If the occasional klan rally is any indication, America has a healthy tolerance for blatant racist. When white people want a high profile public forum and a megaphone to express and promote their hate of minorities, people from the gay and lesbian community, and people of differing religions and cultures, we tolerate this special form of racism and recognize people’s right to it.  We condone this behavior by allowing racists to parade our streets and stand on public places to give their hate rallies.

However, the moment some of us think that a black man might be racist then we have a real issue. Obviously some of us feel that black people don’t have the right to any form of hate. When we see the black man exercising his right to freedom of expression, we suddenly have an issue. We applaud the police clamping down on this man who obviously doesn’t know his place in our social makeup. This form of discrimination is just as insidious as its cross burning counterpart. Freedom of expression is just another one of those separate but unequal gaps in our community that falls along racial lines.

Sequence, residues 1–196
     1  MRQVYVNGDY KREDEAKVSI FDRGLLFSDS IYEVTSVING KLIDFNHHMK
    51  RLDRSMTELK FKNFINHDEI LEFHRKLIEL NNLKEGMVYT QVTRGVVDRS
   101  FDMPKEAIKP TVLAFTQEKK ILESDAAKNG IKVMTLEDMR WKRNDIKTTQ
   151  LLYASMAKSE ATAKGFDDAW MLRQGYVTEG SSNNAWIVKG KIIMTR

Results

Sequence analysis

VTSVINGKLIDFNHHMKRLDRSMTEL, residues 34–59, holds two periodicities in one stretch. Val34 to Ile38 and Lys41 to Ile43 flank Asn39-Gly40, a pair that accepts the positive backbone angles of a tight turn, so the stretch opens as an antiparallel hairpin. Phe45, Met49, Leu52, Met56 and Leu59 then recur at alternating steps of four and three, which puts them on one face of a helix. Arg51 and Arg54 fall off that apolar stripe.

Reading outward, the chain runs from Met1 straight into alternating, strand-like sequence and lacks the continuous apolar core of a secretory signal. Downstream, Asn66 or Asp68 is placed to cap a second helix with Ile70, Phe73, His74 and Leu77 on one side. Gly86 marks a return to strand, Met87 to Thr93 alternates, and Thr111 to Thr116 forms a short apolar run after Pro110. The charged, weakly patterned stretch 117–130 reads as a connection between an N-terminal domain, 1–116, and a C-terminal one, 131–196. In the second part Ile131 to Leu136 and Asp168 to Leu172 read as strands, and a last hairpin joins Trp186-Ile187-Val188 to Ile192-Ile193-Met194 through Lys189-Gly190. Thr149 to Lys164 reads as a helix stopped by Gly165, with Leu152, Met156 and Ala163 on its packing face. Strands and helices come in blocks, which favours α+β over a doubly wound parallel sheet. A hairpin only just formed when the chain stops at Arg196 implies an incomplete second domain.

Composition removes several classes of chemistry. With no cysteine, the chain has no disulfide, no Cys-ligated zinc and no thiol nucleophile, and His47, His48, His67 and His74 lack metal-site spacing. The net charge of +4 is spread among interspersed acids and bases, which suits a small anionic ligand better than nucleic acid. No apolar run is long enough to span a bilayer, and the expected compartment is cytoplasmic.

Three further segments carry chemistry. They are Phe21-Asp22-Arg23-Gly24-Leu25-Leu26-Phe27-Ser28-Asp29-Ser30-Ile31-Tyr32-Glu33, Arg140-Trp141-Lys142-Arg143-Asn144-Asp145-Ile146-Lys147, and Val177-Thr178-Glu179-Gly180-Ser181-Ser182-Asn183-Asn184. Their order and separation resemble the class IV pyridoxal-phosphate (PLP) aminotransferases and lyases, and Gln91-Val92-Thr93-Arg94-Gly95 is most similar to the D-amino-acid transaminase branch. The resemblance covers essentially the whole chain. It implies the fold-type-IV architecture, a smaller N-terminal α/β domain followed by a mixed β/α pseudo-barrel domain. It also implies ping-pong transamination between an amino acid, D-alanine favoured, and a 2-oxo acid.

An assumption was made that Mr. Gates is racist because he assumed that it was a white woman who called the police about a potential crime. However, Mr. Gates didn’t just pull a white woman out his ass. In the police report filed by Mr. Crowley, it was stated that just as Mr. Crowley was going to the front door of Mr. Gates’ house, he stopped to speak with a white woman who was holding a cell phone in her hand. The police report said that Mr. Gates was looking out the window while Mr. Crowley was talking to the white woman. It would be a reasonable assumption that if Mr. Gates saw the white woman talking to the police officer that she would have been the one calling the police on Mr. Gates. That’s not racism. That’s observation and deduction. It is possible that the white woman was not the one that initially called the police. Even a reasonable assumption can be wrong.